How To Turn Learning Into Employee Empowerment

Kelly ScholsBy Kelly Schols - President, CPI Plumbing and Heating, Mount Vernon, WA

My general manager Brad and I recently spent the week at the International Service Roundtable meeting in Las Vegas. It was great to catch up with some old friends and get to know some new ones. The weeks focus was on employee recruiting, hiring and retention. There were a lot of great speakers (and myself), ideas and best practices shared during the week. One of the common themes we kept hearing all week was that there are not any good people to hire and that it’s hard to hold onto the good ones. All I can say is Really?

As owners and managers we can get wrapped up in going to seminars, meetings, conferences or whatever else we think we can do to try and better our company. What I have learned over the years after attending many of these different events is to not get caught up in the topic of the event, but to try and find at least one thing I can bring back to improve the company and/or myself. A lot of what we have learned and implemented in our company wasn’t even the topic of the event, but was the learned in discussions during breaks, dinner or just a good old chat session.

One mistake a lot of owners and manager make after attending events like this is that they feel the need when they return to immediately implement or try something new. Be careful with this idea and make sure that whatever you decide to implement is in line with your vision and the culture of your company. I would not recommend just trying something or implementing something new without thinking it through. You may even want go over it with a couple of team members and get their feedback.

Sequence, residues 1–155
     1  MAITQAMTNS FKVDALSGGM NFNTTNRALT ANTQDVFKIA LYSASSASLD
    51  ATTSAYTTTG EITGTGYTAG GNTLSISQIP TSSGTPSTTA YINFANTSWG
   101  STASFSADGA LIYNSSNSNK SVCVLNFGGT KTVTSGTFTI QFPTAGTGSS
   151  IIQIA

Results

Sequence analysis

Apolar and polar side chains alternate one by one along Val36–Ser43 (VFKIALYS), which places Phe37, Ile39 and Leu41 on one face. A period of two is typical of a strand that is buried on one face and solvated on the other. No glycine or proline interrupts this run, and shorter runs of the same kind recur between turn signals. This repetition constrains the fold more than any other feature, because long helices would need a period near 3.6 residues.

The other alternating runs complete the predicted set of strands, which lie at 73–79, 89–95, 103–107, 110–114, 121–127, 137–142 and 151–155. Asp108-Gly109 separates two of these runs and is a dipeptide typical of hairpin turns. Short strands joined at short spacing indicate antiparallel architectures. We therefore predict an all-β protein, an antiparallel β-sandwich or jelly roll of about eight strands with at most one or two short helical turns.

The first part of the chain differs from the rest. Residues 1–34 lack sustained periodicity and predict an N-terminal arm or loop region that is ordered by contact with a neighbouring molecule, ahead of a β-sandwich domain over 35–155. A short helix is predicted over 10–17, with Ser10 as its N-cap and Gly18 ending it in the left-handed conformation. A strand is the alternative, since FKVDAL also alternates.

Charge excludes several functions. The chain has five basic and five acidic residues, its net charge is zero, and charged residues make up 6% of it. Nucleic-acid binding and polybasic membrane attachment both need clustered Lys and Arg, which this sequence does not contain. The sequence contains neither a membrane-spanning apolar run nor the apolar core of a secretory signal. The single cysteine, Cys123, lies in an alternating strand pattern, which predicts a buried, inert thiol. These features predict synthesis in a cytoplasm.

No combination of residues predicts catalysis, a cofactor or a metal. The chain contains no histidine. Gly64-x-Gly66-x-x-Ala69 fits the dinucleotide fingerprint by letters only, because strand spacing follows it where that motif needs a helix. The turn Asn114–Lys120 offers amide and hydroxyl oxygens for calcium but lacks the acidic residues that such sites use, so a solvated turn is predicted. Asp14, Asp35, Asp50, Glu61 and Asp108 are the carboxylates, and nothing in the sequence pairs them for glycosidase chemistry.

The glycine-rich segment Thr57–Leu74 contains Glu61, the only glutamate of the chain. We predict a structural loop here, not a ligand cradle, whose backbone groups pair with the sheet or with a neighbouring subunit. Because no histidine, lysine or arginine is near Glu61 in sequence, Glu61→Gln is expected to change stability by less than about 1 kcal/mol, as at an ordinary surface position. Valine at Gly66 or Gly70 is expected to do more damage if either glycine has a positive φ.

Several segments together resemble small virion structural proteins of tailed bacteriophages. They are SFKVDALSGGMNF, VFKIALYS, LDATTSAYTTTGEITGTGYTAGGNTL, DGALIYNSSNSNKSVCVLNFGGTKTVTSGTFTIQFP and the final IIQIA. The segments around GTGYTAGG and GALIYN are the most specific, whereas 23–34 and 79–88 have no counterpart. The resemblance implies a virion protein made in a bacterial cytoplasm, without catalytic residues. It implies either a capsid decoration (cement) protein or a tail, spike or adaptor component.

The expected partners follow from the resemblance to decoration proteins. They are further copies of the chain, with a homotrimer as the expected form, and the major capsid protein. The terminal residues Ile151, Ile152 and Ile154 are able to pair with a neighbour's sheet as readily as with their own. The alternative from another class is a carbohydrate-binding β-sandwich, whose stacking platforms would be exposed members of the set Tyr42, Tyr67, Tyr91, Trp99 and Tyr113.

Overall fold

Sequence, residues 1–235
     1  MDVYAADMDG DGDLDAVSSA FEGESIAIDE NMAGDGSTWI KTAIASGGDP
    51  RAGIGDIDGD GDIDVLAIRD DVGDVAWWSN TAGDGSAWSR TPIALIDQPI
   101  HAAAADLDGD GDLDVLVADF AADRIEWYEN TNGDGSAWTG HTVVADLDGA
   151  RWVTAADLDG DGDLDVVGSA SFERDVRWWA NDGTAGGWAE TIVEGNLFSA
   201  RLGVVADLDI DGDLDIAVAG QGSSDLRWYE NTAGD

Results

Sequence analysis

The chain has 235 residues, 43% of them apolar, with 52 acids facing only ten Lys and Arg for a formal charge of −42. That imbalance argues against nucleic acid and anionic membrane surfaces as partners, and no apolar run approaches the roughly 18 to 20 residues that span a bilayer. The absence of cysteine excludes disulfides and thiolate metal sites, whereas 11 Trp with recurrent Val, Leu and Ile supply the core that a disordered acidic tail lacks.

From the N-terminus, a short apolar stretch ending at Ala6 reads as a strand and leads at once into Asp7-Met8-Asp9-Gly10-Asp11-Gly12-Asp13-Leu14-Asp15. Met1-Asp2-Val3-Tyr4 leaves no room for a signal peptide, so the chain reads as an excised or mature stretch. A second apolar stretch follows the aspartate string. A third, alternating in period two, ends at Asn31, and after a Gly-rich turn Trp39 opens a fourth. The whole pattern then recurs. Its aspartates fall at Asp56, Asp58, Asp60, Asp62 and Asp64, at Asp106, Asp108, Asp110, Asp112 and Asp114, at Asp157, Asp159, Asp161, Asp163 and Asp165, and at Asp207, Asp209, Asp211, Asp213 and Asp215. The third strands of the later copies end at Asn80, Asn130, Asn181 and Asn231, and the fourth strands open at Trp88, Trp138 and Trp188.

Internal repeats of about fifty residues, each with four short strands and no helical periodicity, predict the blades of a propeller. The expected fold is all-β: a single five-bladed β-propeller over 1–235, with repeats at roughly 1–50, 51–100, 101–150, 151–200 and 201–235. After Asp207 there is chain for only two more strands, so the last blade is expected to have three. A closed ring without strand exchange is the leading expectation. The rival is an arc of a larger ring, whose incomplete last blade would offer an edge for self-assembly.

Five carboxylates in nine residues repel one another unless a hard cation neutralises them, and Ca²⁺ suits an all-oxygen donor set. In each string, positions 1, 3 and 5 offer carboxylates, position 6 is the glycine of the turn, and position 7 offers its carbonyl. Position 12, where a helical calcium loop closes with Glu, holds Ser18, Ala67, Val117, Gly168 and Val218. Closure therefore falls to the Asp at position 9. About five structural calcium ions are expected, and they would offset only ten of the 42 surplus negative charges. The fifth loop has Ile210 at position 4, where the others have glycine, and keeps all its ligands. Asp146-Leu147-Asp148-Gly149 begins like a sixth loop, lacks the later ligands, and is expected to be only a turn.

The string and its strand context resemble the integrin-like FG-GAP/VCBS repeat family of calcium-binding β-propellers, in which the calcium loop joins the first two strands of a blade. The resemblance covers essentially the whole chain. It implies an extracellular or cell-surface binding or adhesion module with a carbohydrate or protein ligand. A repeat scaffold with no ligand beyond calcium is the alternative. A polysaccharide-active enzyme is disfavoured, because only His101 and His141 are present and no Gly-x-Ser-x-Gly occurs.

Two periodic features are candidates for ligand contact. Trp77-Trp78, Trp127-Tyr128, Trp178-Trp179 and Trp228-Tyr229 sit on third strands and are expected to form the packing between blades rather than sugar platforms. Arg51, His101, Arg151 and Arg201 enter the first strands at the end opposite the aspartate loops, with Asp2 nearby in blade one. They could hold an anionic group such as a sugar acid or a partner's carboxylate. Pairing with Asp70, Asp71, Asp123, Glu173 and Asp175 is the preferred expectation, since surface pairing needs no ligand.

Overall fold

Most team members don’t like change and will not take the changes serious unless done correctly with a plan of action. Brad and I have had the luxury of going to these events together for years. We have implemented many great ideas and have learned over the years to discuss the who, what, and why before even presenting it to the rest of the team. At that point we like to get their feedback and recommendations before implementing it. By getting the rest of the team involved and going over it with them before implementing an idea, it brings ownership to the entire team and lets them know we are not just going to implement something to implement something or because we went to some seminar. Getting them involved also lets them know we care about their opinions.

Want to retain great team members? Then treat your team members as team members, get them involved in the process of implementing new ideas and you will be surprised at how much ownership they will take and how empowering it will be for them.


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